Understand the facts and myths about Base Erosion and Profit Shifting PART 1

Learning CentreUnderstand the facts and myths about Base Erosion and Profit Shifting PART 1

Understand the facts and myths about Base Erosion and Profit Shifting PART 1 

Myth: The BEPS Project will have no significant impact.

FACT: Tax policy has always been the sovereign right of individual countries. However, more coordinated efforts are clearly needed since the BEPS Action Plan has been adopted. Proposed changes to the Transfer Pricing Guidelines will be immediately applicable, while the changes to the Model Tax Convention and decisions on harmful tax practices will be implemented via a multilateral instrument that is to be negotiated in the coming year. The recommendations on best practices for domestic law measures are expected to be implemented in national legislation, according to the applicable constitutional requirements. The intense interest from stakeholders demonstrates the potential reach of the BEPS Project, not only on tax practices but business aspects of multinational companies and international tax and transfer pricing.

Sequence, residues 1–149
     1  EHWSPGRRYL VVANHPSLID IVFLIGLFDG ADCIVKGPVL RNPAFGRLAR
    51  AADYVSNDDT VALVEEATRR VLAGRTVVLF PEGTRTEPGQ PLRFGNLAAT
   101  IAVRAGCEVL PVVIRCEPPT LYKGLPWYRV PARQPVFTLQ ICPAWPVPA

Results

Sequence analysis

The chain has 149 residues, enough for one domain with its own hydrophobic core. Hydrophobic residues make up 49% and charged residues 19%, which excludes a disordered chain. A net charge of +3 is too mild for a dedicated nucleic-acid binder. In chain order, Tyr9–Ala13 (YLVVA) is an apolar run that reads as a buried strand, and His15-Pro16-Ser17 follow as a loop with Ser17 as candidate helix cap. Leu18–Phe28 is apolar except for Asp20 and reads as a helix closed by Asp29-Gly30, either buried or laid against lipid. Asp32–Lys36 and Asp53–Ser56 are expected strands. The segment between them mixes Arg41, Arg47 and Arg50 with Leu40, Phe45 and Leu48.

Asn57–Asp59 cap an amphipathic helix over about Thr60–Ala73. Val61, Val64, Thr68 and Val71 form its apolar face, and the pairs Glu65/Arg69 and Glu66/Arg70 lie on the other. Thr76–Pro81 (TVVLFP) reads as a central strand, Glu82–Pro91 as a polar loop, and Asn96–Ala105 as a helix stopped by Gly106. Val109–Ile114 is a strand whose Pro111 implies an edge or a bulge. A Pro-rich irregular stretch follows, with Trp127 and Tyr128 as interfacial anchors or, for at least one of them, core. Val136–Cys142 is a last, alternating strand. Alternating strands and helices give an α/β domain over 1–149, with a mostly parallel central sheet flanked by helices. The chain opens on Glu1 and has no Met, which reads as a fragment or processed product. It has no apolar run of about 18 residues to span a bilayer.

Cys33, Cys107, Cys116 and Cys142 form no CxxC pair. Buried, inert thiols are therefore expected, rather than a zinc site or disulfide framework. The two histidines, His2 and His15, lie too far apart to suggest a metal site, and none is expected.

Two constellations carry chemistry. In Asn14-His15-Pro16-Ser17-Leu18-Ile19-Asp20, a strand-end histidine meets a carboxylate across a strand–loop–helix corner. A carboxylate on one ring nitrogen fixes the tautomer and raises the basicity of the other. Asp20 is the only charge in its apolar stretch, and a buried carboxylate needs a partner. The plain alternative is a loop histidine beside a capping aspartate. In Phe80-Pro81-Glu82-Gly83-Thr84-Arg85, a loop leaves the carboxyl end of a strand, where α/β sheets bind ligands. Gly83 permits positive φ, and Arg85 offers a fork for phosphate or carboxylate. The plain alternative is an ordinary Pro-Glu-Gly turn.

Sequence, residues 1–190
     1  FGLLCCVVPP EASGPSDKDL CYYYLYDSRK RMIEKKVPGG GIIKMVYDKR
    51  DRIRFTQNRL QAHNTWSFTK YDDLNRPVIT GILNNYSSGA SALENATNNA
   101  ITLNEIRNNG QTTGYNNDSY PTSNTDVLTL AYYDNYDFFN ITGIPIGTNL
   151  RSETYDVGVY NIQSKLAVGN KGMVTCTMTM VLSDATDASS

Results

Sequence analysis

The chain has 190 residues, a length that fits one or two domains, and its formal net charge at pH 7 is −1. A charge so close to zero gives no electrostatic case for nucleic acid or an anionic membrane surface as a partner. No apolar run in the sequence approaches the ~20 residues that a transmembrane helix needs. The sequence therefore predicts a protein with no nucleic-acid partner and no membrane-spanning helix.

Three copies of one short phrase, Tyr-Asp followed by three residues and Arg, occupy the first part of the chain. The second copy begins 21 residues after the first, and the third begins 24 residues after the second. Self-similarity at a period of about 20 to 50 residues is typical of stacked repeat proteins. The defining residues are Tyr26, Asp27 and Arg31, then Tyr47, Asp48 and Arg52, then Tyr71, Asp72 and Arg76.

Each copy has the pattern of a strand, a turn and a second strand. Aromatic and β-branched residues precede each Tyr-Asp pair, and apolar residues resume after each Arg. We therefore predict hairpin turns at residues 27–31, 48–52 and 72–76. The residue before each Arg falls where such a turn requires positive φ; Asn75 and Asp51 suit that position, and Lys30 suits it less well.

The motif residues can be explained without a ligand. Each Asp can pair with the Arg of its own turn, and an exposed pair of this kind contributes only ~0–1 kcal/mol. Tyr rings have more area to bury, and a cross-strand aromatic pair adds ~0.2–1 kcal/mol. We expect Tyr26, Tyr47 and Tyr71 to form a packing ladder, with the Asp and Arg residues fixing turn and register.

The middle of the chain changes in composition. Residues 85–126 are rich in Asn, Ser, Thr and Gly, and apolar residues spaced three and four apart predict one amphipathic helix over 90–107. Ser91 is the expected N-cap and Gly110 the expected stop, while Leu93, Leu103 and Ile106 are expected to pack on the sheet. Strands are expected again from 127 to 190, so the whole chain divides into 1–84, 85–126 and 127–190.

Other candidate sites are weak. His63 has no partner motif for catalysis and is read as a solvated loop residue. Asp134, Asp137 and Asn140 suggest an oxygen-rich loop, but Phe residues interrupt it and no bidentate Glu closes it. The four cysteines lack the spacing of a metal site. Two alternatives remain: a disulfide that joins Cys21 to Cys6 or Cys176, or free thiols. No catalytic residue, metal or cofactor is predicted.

Myth: BEPS will result in unmanageable reporting burdens for multinational companies.

FACT: The BEPS Project is standardizing a number of reporting requirements so as to reduce the compliance costs for businesses that operate across borders. For instance, widespread adoption of internationally agreed standards for tax waste management would prevent firms from having to prepare tax calculations and disclosures to comply with the different tax requirements for each country in which they operate. Countries concerned with the OECD’s BEPS would have transfer pricing documentation and country-by-country reporting will provide a simplified and consistent approach, avoiding the duplication that would otherwise result from each country creating its own reporting standards. Moreover, if all countries concerned with BEPS would have used a single pooling, it would result in a reduction of effective tax rates. Addressing this concern unilaterally would have been chaotic, resulting in huge compliance costs for businesses.